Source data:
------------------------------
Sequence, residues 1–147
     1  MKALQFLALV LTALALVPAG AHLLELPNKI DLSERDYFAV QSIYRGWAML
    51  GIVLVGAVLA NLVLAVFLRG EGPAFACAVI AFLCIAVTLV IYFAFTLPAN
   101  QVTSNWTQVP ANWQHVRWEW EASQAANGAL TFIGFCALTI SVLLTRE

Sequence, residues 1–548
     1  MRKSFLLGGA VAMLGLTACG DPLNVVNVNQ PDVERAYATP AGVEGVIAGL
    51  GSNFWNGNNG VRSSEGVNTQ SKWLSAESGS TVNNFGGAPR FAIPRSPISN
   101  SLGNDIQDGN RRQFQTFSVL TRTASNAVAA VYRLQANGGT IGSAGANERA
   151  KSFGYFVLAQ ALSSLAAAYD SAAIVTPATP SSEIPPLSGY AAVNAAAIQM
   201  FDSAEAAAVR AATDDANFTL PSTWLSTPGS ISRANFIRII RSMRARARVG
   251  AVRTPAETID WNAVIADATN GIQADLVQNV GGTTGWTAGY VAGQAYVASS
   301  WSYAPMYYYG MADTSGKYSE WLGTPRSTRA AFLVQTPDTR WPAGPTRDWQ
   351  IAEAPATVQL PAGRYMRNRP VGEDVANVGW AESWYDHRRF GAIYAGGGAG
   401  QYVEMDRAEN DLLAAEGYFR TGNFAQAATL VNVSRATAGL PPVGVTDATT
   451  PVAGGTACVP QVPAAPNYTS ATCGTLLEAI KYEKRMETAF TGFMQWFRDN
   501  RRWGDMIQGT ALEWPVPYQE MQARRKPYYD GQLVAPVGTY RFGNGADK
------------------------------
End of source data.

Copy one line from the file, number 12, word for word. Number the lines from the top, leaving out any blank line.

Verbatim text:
   301  WSYAPMYYYG MADTSGKYSE WLGTPRSTRA AFLVQTPDTR WPAGPTRDWQ